NOTES ON PAPER - the ignorant in knowledge and in the...

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Ridiculous NOTES ON PAPER Social and gender relations in Pharaonic Egypt Social hierarchies? Gender hierarchies? What ideas of behavior does the text espouse? What sorts of societal or political problems is the text responding to? Written during the Old Kingdom—time of development in literature, art, architecture— functions of a prospering and growing society This document reveals the importance of wisdom and teaching, especially to the upper class. That Ptahhotep took the time to produce a code of conduct for his son demonstrates a level of commitment to the development of a strong society through education and right conduct. We know from the introduction that Ptahhotep was the Mayor of the city, giving him a high position of authority and position within Egyptian society. The second paragraph of introduction acknowledges that Ptahhotep speaks as a means of, “instructing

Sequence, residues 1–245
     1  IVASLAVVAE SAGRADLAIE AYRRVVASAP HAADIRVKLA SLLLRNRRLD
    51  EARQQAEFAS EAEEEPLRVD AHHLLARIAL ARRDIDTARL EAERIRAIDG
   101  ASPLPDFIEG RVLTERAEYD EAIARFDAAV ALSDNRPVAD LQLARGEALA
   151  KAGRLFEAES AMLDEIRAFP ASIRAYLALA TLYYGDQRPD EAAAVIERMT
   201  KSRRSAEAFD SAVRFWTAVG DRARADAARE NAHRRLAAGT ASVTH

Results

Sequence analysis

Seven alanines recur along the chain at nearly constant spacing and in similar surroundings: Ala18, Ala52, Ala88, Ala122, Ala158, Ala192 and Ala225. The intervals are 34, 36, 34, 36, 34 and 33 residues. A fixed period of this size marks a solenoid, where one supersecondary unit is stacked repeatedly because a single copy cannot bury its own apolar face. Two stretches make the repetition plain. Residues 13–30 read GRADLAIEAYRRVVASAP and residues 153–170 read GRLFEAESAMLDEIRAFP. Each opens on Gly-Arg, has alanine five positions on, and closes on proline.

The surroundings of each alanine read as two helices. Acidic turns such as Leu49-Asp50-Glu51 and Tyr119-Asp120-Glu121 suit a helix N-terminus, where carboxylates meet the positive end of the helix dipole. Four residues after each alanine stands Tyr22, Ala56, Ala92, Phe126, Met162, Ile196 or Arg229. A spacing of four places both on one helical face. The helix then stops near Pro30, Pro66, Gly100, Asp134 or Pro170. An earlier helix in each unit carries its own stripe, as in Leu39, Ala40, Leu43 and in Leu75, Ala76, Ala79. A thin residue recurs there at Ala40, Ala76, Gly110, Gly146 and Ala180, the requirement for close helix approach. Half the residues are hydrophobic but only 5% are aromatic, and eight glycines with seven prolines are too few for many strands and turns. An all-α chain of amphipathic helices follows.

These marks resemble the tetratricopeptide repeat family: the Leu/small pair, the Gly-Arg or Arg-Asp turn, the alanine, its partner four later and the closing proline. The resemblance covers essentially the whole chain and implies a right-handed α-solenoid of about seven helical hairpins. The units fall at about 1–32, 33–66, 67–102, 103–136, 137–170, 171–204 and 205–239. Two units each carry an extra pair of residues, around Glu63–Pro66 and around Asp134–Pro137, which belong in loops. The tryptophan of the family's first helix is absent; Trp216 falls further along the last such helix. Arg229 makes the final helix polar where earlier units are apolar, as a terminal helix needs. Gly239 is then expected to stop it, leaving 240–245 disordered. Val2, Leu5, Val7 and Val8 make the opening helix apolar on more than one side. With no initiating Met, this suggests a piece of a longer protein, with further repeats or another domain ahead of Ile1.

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Unformatted text preview: the ignorant in knowledge and in the standard of excellent discourse, as profit for him who will hear, as woe to him who would neglect them” (Ptahhotep 29). A simple generalization that can be gathered from this text is that those who seek and possess knowledge will be profitable and those who do not will remain inferior. In the opening lines of instruction Ptahhotep seems to almost immediately contradict himself, “Don’t be proud of your knowledge, consult the ignorant and the wise; the limits of art are not reached, no artist’s skills are perfect.” Ptahhotep accepts the importance that Egyptian society places upon knowledge but emphasizes that man must remain humble. By opening this way Ptahhotep sets the stage for the remainder of his instructions, and we will continue to see the importance of humility come into play throughout the text....
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